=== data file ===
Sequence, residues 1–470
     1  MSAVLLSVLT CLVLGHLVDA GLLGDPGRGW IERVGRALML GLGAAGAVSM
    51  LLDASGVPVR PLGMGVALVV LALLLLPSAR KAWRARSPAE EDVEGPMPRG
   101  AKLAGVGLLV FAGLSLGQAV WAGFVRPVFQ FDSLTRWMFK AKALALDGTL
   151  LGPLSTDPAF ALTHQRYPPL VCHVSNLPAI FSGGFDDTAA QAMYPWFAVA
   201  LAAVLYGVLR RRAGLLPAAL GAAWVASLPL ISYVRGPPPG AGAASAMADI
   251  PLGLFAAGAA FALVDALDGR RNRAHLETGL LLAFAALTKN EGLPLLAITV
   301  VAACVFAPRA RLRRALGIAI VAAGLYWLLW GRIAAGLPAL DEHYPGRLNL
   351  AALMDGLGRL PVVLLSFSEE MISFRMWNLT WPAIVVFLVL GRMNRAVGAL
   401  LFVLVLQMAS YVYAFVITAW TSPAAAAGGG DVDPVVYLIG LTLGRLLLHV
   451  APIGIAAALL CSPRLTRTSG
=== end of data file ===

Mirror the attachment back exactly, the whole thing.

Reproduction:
Sequence, residues 1–470
     1  MSAVLLSVLT CLVLGHLVDA GLLGDPGRGW IERVGRALML GLGAAGAVSM
    51  LLDASGVPVR PLGMGVALVV LALLLLPSAR KAWRARSPAE EDVEGPMPRG
   101  AKLAGVGLLV FAGLSLGQAV WAGFVRPVFQ FDSLTRWMFK AKALALDGTL
   151  LGPLSTDPAF ALTHQRYPPL VCHVSNLPAI FSGGFDDTAA QAMYPWFAVA
   201  LAAVLYGVLR RRAGLLPAAL GAAWVASLPL ISYVRGPPPG AGAASAMADI
   251  PLGLFAAGAA FALVDALDGR RNRAHLETGL LLAFAALTKN EGLPLLAITV
   301  VAACVFAPRA RLRRALGIAI VAAGLYWLLW GRIAAGLPAL DEHYPGRLNL
   351  AALMDGLGRL PVVLLSFSEE MISFRMWNLT WPAIVVFLVL GRMNRAVGAL
   401  LFVLVLQMAS YVYAFVITAW TSPAAAAGGG DVDPVVYLIG LTLGRLLLHV
   451  APIGIAAALL CSPRLTRTSG